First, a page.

Getting a Fertilizer Shop License

Fertilizers can offer numerous benefits for plant life; this makes them extremely important to the agriculture industry. However, if fertilizer is used or stored without the proper safety precautions in place, it can pose a serious threat to human health, animal health and the general health of the surrounding environment.

The risks ring true for every type of fertilizer because, at its core, fertilizer is a decomposing material. The process of decomposition creates gasses and byproducts that can cause drinking water to be contaminated. This contamination will then continue to spread to fish, plants and animals in the surrounding area.

Because poorly stored fertilizer can easily contaminate whole ecosystems, every individual state has regulations for their storage. If you intend to have a large fertilizer company, you will need to understand and can comply with every standard of the states you want to expand to. This could result in different operating procedures among states.

Obtaining a Commercial Applicator License

Federal laws require that any person who supervises or applies Restricted Use Pesticides (RUPs) be certified in accordance with Environmental Protection Act (EPA) regulations. They also need to be certified in accordance with state, territorial and any existing tribal laws. Most of the time, federal laws are the least strict, while local laws are the most stringent.

If you choose to operate in any tribal lands, you must agree to obey all tribal regulations and laws. In an instance where you are dealing with NDN tribal lands, those tribal laws can replace federal laws as the United States treats these areas as fully autonomous governing bodies.

Certifications for Fertilizer Sales

To legally operate your fertilizer company, you will need to be certified in every state that your company operates. If your company is small, this is less of a problem than it is for wider-reaching companies. If you are operating a franchise, then you will need to make sure that the parent company has the appropriate certifications for your area.

To get all of the information that you need, you can contact the certifying agency. Almost all states have a Pesticide Safety Education Program. Contacting this program for your state or territory will give you all of the information that you need. To get information, training and study materials for Indian country, you should contact the EPA about the Federal Certification to Apply Restricted Use Pesticides in Indian Country.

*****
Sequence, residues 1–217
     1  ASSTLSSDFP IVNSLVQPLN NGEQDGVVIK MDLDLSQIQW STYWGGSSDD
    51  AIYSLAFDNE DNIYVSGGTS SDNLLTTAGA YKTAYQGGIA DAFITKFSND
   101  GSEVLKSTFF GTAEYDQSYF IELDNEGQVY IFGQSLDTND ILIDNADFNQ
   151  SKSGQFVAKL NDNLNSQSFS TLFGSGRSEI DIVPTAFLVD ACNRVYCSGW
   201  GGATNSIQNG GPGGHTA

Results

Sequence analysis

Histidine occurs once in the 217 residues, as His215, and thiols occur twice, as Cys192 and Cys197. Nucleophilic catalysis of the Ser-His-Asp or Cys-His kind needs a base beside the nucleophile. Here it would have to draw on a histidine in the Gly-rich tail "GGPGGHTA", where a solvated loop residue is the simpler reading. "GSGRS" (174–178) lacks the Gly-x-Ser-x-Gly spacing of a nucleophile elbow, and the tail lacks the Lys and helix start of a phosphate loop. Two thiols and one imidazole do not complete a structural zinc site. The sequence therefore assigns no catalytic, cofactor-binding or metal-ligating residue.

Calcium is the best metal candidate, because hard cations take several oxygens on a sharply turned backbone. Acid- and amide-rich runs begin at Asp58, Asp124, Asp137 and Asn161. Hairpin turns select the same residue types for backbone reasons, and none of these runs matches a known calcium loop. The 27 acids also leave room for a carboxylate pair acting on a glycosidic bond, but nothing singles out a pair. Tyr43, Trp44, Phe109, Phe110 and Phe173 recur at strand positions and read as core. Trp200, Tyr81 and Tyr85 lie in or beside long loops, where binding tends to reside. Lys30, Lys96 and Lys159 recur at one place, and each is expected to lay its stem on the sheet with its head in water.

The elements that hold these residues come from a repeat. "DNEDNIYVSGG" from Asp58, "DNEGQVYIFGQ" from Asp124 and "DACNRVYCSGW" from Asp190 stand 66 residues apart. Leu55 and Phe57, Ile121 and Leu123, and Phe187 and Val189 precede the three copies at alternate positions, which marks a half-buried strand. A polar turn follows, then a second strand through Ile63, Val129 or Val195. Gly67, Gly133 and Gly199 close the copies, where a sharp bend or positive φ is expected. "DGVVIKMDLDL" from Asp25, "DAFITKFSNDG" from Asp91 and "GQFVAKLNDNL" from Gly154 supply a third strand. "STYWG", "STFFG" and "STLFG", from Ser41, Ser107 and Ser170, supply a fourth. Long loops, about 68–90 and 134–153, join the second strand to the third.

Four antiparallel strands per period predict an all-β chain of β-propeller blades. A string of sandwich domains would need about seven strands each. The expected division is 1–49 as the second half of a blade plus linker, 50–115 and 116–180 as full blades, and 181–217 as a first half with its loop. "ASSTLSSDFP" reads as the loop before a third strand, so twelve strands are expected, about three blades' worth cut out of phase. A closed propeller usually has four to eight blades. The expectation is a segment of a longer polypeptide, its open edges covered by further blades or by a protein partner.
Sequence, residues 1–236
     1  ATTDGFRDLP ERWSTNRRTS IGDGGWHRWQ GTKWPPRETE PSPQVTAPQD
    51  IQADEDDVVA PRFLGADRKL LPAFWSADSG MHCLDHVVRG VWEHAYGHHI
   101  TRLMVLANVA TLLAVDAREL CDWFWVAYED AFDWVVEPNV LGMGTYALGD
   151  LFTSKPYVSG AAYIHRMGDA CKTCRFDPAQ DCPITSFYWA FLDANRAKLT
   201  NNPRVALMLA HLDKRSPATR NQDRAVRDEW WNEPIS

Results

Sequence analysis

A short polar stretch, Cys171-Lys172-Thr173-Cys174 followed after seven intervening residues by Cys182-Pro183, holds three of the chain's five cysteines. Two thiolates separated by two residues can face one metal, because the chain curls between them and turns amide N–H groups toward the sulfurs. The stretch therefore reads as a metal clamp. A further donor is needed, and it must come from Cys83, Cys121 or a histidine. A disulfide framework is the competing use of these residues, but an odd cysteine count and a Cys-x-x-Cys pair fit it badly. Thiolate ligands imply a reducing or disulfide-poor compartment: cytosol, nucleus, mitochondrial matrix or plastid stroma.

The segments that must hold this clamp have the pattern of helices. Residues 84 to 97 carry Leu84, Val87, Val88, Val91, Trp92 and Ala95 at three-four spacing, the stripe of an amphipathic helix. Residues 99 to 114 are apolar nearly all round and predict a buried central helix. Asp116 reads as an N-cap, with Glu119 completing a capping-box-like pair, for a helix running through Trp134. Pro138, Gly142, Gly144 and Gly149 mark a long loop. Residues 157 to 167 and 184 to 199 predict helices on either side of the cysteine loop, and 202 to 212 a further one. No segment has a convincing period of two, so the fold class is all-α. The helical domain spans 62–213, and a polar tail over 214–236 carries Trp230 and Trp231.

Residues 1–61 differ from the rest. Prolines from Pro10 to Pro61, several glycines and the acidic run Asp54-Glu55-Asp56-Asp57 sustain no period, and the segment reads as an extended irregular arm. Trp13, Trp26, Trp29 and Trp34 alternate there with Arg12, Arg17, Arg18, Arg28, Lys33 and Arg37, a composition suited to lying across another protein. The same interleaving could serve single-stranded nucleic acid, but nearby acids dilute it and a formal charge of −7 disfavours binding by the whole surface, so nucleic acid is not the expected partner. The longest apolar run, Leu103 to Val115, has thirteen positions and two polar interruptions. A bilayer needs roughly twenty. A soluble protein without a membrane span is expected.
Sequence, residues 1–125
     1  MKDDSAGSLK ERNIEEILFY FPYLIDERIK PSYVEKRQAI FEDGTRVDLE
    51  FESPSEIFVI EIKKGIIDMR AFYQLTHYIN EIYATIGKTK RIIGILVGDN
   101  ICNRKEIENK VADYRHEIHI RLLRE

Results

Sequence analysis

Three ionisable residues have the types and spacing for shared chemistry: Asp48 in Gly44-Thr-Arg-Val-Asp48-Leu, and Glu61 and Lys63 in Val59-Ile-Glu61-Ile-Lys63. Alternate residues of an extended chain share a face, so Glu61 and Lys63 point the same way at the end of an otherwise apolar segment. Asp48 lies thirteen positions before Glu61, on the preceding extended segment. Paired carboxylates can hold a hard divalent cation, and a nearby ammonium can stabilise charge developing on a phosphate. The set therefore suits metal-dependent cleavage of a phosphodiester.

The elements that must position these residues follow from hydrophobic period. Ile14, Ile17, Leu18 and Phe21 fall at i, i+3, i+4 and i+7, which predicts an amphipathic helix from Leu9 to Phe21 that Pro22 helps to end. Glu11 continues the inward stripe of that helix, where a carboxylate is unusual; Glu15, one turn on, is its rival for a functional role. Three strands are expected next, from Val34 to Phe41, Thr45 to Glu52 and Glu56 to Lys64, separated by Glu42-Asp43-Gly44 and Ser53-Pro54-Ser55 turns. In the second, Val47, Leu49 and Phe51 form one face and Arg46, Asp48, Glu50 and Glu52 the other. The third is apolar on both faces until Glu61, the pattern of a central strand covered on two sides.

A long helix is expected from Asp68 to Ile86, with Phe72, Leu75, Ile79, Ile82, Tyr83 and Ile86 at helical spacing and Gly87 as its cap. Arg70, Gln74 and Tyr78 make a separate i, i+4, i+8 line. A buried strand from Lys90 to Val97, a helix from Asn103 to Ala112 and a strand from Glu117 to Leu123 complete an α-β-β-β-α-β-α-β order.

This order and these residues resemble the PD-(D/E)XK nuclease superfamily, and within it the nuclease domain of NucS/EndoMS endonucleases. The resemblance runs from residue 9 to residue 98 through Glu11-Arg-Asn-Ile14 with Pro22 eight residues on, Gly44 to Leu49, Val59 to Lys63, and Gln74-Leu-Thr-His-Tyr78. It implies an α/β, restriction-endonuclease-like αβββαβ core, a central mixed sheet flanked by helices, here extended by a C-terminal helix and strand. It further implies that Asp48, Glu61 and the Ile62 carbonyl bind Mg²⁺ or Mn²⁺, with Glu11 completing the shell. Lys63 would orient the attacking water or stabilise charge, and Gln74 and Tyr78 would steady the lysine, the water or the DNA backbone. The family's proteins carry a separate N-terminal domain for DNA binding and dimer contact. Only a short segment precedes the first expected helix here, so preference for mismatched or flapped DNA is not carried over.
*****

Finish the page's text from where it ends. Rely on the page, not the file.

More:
The EPA and Fertilizer

EPA regulations (40 CFR Part 171) establish the minimum standards of handling and competency for pesticide applicators. They also apply or supervise the use of RUPs. The EPA has oversight over all moving parts regarding the certification programs.

Business Plan Ideas for a Fertilizer Company

After getting an idea of what certifications you will need, you can then sit down and write up a basic business plan. The most important part of starting your business is understanding what capital you have and where you see the company going. General wisdom says that you should start small and get solvent before moving on to larger ventures.

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About the Author

Danielle Smyth is a writer and content marketer from upstate New York. She has been writing on business-related topics for nearly 10 years. She owns her own content marketing agency, Wordsmyth Creative Content Marketing (www.wordsmythcontent.com) and she works with a number of small businesses to develop B2B content for their websites, social media accounts, and marketing materials. In addition to this content, she has written business-related articles for sites like Sweet Frivolity, Alliance Worldwide Investigative Group, Bloom Co and Spent.